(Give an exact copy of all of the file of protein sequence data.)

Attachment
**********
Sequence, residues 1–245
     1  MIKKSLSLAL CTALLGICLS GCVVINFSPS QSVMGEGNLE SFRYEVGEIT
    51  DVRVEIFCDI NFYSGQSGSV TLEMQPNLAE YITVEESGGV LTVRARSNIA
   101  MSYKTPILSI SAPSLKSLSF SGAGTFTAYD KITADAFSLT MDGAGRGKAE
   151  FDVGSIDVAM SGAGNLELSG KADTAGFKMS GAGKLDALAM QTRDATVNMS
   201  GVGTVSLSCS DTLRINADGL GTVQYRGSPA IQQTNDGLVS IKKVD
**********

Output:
Sequence, residues 1–245
     1  MIKKSLSLAL CTALLGICLS GCVVINFSPS QSVMGEGNLE SFRYEVGEIT
    51  DVRVEIFCDI NFYSGQSGSV TLEMQPNLAE YITVEESGGV LTVRARSNIA
   101  MSYKTPILSI SAPSLKSLSF SGAGTFTAYD KITADAFSLT MDGAGRGKAE
   151  FDVGSIDVAM SGAGNLELSG KADTAGFKMS GAGKLDALAM QTRDATVNMS
   201  GVGTVSLSCS DTLRINADGL GTVQYRGSPA IQQTNDGLVS IKKVD